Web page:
There were two big headlines from UK Sport's
The first was the bold ambition to top Team GB and Paralympics GB's roaring success in London by winning even more medals in 2016. The second was the decision to back up that commitment by allocating even more money to elite sport - £347m for the next four years compared with £313m for the four-year build-up to London.
Given the persistent economic gloom, this is no small achievement for British sport.
But in return for the extra money, the government has made it clear no sports will be given a free ride. So out go the smaller sports that only qualified for London - and therefore received seven years' funding - because of Britain's Olympic and Paralympic host status.
That means nothing for handball, basketball, wrestling and table tennis - sports that either failed in London or have no chance of qualifying for the Brazil Games. Volleyball's funding has been slashed - an 88% cut from £3.5m to just £400,000. And even that is just for the women's beach volleyball team.
The message from UK Sport was loud and clear. Those sports that can demonstrate they have a chance of delivering on that ambitious vision of winning more medals will be rewarded.
Rowing, already well funded, got a huge increase (up £5.3m) as did cycling (up £4.5m). Of established sports, boxing was the biggest winner in percentage terms, receiving a rise of 44%. That will be reviewed each year to ensure it remains on target - but for a sport that was struggling a few years ago, this represents a remarkable turnaround.
Disability athletics enjoyed the biggest rise within Paralympic sport funding (£4m) - again following a big transformation from Beijing, where the track and field team managed just two golds - both won by David Weir. The London exploits of Weir, Jonnie Peacock and Hannah Cockcroft - to name just three - have ensured a lucrative legacy for their sport.
UK Sport's chief executive Liz Nichol insisted this was about Rio potential and not a punishment for failure to deliver on their London medal target. But it didn't feel like that.
The challenge for swimming and all the other sports that have been brutally cut back is to learn from those sports that have excelled. Nichol added that hockey - which received a small increase in UK Sport's announcement - was a good example of a sport that had been on its knees, almost bankrupt, but had subsequently bounced back.
Try telling that to Richard Callicott, a former chief executive of UK Sport who now heads British and English Volleyball. He is furious at the decision to cast smaller sports like his adrift after seven years of pre-London funding. but Callicott argues the legacy from London will be damaged by discontinuing support at elite level.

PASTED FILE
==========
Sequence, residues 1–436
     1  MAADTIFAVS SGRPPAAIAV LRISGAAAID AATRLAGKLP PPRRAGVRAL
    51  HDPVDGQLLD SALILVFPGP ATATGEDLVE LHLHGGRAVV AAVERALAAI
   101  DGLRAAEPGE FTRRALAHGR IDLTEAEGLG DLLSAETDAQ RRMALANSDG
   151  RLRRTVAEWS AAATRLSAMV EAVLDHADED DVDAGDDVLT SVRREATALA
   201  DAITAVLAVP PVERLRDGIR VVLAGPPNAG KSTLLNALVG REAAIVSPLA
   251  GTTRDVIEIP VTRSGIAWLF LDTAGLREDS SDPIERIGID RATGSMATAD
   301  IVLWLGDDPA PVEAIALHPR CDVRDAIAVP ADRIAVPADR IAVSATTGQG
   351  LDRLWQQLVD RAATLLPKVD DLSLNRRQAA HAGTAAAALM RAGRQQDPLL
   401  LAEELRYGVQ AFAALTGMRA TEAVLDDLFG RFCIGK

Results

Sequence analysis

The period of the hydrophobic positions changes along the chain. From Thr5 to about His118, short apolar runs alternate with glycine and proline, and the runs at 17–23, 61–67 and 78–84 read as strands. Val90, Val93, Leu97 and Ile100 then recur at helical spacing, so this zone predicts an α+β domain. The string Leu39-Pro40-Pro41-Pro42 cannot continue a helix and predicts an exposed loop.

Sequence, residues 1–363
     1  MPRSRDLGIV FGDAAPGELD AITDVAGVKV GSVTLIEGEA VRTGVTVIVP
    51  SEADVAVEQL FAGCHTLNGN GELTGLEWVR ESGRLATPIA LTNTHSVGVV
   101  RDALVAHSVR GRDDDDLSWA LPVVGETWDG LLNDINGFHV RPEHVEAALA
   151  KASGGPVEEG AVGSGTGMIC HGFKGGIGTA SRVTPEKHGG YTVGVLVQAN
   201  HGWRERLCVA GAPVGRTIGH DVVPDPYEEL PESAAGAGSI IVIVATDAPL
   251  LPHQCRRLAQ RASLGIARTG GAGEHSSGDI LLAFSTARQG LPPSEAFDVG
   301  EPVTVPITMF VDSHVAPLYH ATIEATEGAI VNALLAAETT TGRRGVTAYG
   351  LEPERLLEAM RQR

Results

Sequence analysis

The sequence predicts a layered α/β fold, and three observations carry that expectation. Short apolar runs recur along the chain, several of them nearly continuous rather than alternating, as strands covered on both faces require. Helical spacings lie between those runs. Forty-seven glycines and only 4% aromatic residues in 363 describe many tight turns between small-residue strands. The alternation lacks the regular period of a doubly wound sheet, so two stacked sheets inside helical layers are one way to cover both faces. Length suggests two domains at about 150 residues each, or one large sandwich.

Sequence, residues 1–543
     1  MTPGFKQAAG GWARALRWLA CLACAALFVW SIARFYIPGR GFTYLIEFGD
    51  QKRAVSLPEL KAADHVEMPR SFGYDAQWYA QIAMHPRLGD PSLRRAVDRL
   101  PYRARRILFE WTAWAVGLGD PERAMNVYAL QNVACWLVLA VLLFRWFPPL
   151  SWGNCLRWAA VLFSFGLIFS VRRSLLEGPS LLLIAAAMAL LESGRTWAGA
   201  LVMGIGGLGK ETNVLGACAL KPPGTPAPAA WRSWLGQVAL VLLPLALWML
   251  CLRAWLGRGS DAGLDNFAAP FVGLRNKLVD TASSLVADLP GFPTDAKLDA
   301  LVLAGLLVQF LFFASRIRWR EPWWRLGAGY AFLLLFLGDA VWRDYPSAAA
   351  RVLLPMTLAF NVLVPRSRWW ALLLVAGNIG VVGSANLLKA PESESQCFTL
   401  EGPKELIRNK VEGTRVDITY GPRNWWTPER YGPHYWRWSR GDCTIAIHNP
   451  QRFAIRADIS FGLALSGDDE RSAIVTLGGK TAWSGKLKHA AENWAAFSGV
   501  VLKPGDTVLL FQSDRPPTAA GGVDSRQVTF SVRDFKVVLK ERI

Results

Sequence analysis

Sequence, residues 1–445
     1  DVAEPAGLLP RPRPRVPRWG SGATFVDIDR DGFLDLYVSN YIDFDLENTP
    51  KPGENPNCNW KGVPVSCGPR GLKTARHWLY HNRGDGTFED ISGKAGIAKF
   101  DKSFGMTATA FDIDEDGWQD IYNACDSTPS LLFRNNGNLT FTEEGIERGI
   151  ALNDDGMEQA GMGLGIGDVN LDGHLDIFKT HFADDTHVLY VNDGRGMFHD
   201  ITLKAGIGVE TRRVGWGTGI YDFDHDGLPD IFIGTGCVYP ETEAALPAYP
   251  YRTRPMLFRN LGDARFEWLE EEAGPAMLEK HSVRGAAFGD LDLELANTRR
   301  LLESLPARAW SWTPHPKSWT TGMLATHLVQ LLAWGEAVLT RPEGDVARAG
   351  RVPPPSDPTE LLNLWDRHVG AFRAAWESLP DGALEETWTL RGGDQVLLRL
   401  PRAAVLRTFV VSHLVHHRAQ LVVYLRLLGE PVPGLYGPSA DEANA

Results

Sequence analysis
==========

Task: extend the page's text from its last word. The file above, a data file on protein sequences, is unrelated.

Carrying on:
Like many of the sports cut yesterday, however, Britain's volleyball teams will struggle even to get to Rio. What's the point in pumping millions of pounds into sports that will not even be at the Games, let alone deliver a medal of any colour?
The other interesting aspect from the announcement was the shifting in the balance of funding between Olympic and Paralympic sports. In the run-up to London, the pie was divided 84% to 16% in favour of the Olympic sports while for Rio it will be an 80-20 split - a tribute to the achievements of Paralympics GB in the summer.
The big question for the government and UK Sport now is whether they can deliver on such bold promises. Here, the experiences of our old rivals Australia might provide important lessons.
Following the Sydney Games of 2000 - where Australia's Olympians and Paralympians also produced unprecedented success - the federal government increased the overall amount of money for elite sport. The move helped Australia win even more golds in the Athens Olympics in 2004.
But after that the funding - and the performances - dropped off, resulting in the team's worst performance for 20 years in London. In a 2009 report, the Australian Olympic and Paralympic Committees said inflation and the cost of sending athletes abroad eroded the real value of the funding package, leading to what was effectively a 30% cut.
Australia won just seven golds in London and finished 10th in the Olympic medal table - down from fourth in 2000. Now another inquest is under way down under in an attempt to work out why Britain's athletes - backed by National Lottery funding - are doing so well.
So if there is any lesson for us from the Australian experience, it is that while you might still enjoy a host-country bounce in the four years after hosting the Games, it's what happens then that provides the real test of a nation's commitment to elite sport.